The use of biocidal antifouling (AF) paints is the most common way to prevent fouling on leisure boat hulls. The main aim of this thesis was to investigate the pathways through which AF biocides, past and present, may reach the environment through their use on leisure boats and to improve the risk assessment of biocidal AF paints intended for amateur use. The work presented focuses mainly on the Baltic Sea, with emphasis on regulation and risk assessment procedures in Sweden. A new method was developed for the quantification of nowadays banned organotin compounds (OTCs) such as tributyltin (TBT) in paint flakes (paper I). OTCs were detected in hull paint scrapings from three countries around the Baltic Sea. Thus, historic layers of organotin paint on leisure boats may constitute as sources of TBT to the marine environment. Total tin was identified as an indicator for the presence of OTCs on boat hulls, allowing for quicker identification of vessels in need of remediation. Nowadays, most AF paints tend to contain high amounts of copper (Cu) and zinc (Zn). The use of AF paints was shown to cause exceedance of guideline values for these two metals in soil, sediment and water in various investigated marinas (papers II and IV). The pollution of boatyard soil was linked to hull maintenance activities carried out over unprotected ground (paper II). AF paints were also found to impact both the concentration and speciation of dissolved Cu and Zn in two Baltic Sea marinas, with increased concentrations as well as an increased proportion of bioavailable species as a function of an increased number of moored boats (paper IV). A new method utilizing X-Ray Fluorescence (XRF) was used to derive the release rates of Cu and Zn in the field for five commercially available AF paints for amateur use (paper III). Salinity and paint properties were found to be important parameters affecting the release. The in situ release rates were also found to exceed those derived with current standardized release rate methods. Given the high release rates, none of the studied paints should have been approved for the Swedish market. This finding likely explains the exceedance of guideline values for dissolved Cu and Zn in investigated Baltic Sea marinas (paper IV). In conclusion, there is a need for caution when authorizing new biocides as the phasing out of banned substances can be a lengthy process due to their continued presence in historic paint layers. Additionally, paint-specific release rates determined under conditions reflecting the intended use of the product should be used for a more realistic environmental risk assessment of AF paints.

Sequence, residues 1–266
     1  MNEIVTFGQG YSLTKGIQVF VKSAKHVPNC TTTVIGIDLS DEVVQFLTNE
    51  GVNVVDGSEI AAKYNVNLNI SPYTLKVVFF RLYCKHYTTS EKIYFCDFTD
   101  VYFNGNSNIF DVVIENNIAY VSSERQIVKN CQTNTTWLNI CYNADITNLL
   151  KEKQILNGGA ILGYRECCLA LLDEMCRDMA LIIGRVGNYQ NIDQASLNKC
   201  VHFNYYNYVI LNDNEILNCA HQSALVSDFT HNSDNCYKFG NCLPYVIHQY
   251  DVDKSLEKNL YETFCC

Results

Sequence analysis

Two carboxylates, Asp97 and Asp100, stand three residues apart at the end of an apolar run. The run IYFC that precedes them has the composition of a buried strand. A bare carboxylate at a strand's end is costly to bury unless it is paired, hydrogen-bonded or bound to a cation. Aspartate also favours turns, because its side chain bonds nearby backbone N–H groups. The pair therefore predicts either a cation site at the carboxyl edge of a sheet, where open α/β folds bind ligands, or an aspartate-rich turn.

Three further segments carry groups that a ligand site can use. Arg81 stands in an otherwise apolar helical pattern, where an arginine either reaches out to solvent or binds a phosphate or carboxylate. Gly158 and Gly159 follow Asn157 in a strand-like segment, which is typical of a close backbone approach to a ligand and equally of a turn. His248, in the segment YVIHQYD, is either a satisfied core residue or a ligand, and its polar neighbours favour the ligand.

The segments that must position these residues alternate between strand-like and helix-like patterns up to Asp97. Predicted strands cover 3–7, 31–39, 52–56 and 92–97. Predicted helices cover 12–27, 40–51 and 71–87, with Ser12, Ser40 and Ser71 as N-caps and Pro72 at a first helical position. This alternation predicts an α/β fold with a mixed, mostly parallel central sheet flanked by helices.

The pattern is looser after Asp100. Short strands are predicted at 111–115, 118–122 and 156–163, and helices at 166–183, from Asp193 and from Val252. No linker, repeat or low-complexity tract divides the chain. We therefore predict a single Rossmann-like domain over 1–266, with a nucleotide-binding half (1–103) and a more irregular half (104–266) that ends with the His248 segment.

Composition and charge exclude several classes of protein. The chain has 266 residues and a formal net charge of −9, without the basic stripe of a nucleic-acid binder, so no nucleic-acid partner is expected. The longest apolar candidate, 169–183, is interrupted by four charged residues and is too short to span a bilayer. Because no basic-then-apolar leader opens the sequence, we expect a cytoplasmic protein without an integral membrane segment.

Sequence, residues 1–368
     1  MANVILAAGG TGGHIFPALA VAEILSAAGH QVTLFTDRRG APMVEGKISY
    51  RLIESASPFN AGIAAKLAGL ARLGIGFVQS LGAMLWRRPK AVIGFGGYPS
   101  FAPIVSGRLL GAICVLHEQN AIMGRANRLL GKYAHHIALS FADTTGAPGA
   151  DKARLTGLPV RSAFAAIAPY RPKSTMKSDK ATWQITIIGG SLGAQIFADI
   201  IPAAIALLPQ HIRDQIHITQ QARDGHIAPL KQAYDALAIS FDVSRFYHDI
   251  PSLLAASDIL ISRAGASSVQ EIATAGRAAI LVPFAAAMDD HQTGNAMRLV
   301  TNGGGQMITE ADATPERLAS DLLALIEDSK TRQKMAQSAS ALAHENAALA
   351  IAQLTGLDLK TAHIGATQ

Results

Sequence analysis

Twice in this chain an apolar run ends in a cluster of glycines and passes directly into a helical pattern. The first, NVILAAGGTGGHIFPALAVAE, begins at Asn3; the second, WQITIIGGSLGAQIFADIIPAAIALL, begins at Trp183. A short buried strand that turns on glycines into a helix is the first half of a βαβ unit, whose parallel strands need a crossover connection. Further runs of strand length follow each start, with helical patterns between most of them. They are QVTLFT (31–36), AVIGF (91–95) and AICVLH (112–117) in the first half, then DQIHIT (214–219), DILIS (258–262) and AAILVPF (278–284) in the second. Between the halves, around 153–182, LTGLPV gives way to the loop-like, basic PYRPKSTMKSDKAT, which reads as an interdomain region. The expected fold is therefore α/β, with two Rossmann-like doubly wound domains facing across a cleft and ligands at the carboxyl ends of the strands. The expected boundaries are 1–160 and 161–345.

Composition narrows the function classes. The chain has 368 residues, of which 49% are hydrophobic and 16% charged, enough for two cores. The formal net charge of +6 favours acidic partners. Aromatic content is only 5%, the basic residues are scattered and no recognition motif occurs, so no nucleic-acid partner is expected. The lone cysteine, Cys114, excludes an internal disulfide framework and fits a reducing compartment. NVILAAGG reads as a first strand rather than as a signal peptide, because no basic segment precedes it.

Place, publisher, year, edition, pages
Stockholm: Department of Environmental Science and Analytical Chemistry, Stockholm University, 2019. p. 49
Keywords
Antifouling paint, XRF, leisure boat, recreational boating, copper, zinc, tributyltin, organotin compounds, risk assessment, biocide, metals, release rate
National Category
Environmental Sciences
Research subject
Applied Environmental Science
Identifiers
urn:nbn:se:su:diva-167281 (URN)978-91-7797-655-4 (ISBN)978-91-7797-663-9 (ISBN)
Public defence
2019-05-24, William-Olssonsalen, Geovetenskapens hus, Svante Arrhenius väg 14, Stockholm, 10:00 (English)
Opponent
Supervisors
Funder
BONUS - Science for a better future of the Baltic Sea regionSwedish Environmental Protection Agency
Note

At the time of the doctoral defense, the following paper was unpublished and had a status as follows: Paper 4: Manuscript.

Available from: 2019-04-29 Created: 2019-03-25 Last updated: 2022-02-26Bibliographically approved

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Lagerström, MariaEklund, Britta